More Inclusion in the Education System

Menschen mit und ohne Assistenzbedarf im Gespräch
Photo: “German Inclusion Center”

“Not without us, about us” is the motto under which the Kiel Institute for Inclusive Education is committed to training and further education. “We are convinced that the active educational work of people with disabilities strengthens and distinguishes technical colleges and universities, politics, administration and companies”, is what appears on the institute’s website, which is based at Christian-Albrechts University in Kiel. The fact that this approach works well, is demonstrated by the success of the world’s first three-year full-time qualification as an educational specialist, whose graduates are employed full time as lecturers at Kiel University and who sensitise students to the needs of people with disabilities in their seminars. An existing cooperative venture with the university town of Heidelberg is to be followed by others – so that qualified individuals with disabilities will have more of a presence at universities nationwide in future and be able to convey their expertise proficiently on their own behalf.

With the non-profit company IIB2 Advice Education Work that has emerged from the institute and  today bears the name “German Inclusion Center”, the advisory work for inclusive education and work will also be expanded. This is necessary because despite all the effort invested in an inclusive school system so far, only a few young women and men with disabilities have started regular training. “Most of them still work in what are known as workshops for the disabled”, as SAGST project manager Markus Kleikemper explains the background of the project.“ In addition to the universities, public administrations and companies are also very interested in better embedding inclusion in our everyday work – but for this we need the appropriate qualification opportunities.”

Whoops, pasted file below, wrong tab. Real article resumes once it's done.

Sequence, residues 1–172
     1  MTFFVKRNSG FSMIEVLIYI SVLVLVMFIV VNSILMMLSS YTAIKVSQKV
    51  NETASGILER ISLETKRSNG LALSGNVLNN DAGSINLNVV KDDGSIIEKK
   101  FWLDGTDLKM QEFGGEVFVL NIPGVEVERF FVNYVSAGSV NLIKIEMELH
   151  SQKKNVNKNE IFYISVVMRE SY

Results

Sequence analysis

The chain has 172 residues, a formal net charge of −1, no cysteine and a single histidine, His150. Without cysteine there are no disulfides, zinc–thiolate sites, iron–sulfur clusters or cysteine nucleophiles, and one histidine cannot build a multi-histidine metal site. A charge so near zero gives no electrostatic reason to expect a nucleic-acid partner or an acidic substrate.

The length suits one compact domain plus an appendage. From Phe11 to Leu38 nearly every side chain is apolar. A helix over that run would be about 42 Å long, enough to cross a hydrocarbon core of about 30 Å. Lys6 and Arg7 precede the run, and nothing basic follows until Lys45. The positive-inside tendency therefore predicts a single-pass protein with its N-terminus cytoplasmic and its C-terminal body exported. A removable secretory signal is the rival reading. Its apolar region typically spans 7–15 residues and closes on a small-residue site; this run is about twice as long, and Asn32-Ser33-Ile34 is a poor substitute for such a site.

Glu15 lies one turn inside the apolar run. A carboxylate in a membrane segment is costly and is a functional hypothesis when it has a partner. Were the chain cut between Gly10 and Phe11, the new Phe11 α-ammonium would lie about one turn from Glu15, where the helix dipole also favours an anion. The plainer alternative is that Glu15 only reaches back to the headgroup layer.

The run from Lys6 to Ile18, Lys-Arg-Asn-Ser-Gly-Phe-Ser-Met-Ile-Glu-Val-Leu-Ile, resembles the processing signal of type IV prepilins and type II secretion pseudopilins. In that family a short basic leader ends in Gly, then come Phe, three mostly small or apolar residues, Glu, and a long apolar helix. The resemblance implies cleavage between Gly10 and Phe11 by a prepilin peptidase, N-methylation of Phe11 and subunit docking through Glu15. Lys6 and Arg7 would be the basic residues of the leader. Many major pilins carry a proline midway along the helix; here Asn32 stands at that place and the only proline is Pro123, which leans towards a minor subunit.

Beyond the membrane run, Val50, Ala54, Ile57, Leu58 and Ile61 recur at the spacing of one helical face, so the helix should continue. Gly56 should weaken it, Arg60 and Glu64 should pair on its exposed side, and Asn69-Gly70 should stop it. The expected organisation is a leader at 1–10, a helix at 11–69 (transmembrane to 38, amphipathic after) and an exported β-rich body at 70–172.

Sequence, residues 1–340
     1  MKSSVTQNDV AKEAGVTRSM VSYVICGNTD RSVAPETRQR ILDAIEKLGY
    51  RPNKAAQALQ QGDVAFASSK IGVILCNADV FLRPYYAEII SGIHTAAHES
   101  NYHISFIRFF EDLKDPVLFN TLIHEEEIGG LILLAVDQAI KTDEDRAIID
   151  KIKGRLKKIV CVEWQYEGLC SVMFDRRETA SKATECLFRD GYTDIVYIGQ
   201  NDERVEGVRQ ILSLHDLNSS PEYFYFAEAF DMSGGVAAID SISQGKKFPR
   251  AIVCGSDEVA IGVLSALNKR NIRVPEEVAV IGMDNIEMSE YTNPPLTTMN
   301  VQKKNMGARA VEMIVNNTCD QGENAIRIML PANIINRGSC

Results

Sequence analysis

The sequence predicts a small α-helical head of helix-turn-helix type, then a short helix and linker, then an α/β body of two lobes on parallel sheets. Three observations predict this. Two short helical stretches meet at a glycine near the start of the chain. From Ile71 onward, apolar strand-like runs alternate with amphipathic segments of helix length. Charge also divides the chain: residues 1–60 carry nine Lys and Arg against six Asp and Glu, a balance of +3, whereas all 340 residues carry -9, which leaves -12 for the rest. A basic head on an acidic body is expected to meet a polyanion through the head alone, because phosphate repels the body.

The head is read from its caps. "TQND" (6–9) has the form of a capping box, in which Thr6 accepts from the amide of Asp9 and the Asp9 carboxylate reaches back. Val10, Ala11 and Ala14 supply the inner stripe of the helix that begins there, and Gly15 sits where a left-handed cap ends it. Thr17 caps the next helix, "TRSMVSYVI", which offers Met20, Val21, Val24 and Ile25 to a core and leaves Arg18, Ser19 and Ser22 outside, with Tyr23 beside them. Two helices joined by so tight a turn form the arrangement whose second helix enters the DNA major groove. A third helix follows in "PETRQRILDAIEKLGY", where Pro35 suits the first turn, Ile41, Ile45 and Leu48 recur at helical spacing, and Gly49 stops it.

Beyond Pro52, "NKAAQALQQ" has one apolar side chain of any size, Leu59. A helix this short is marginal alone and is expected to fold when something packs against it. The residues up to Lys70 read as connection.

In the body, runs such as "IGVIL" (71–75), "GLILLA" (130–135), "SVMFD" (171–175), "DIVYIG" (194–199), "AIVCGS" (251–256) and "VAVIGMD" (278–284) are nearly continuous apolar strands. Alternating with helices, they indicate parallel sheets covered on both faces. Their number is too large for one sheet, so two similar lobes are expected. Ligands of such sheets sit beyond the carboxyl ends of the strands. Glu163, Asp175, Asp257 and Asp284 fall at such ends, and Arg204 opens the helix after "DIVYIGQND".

This is why SAGST promotes the development of model training paths in five different occupational fields: over five years, 30 individuals who need help in terms of day care, nursing, job market coaching, communication / digitalisation and advice are prepared for their first job market. The concept of trial training through easy learning combines the skills of people who need help with the requirements of the employer and ensures the required support for participating. Regional specialist groups connect people with disabilities, companies, educational institutions and participation supporters. “This means a crucial expansion of the usual dual vocational training system”, Kleikemper continues, who sees this as an important step towards more inclusion. “Similar to the model project for qualified educators, concepts are being created here that may also lead to more diversity and barrier-free living together elsewhere in our society.”